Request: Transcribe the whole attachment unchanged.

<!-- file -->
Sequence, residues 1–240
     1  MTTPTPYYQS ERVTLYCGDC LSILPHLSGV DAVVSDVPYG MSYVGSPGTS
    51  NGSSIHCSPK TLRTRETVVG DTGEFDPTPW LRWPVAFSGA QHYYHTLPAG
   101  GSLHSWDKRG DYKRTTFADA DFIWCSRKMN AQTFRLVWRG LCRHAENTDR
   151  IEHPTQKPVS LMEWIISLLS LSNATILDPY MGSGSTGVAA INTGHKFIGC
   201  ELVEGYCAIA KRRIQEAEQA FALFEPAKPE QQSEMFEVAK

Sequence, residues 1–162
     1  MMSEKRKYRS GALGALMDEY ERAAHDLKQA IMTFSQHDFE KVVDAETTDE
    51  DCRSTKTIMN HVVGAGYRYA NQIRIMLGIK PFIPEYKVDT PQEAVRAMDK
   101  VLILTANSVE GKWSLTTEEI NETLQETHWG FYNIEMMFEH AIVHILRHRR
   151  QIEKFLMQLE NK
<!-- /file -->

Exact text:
Sequence, residues 1–240
     1  MTTPTPYYQS ERVTLYCGDC LSILPHLSGV DAVVSDVPYG MSYVGSPGTS
    51  NGSSIHCSPK TLRTRETVVG DTGEFDPTPW LRWPVAFSGA QHYYHTLPAG
   101  GSLHSWDKRG DYKRTTFADA DFIWCSRKMN AQTFRLVWRG LCRHAENTDR
   151  IEHPTQKPVS LMEWIISLLS LSNATILDPY MGSGSTGVAA INTGHKFIGC
   201  ELVEGYCAIA KRRIQEAEQA FALFEPAKPE QQSEMFEVAK

Sequence, residues 1–162
     1  MMSEKRKYRS GALGALMDEY ERAAHDLKQA IMTFSQHDFE KVVDAETTDE
    51  DCRSTKTIMN HVVGAGYRYA NQIRIMLGIK PFIPEYKVDT PQEAVRAMDK
   101  VLILTANSVE GKWSLTTEEI NETLQETHWG FYNIEMMFEH AIVHILRHRR
   151  QIEKFLMQLE NK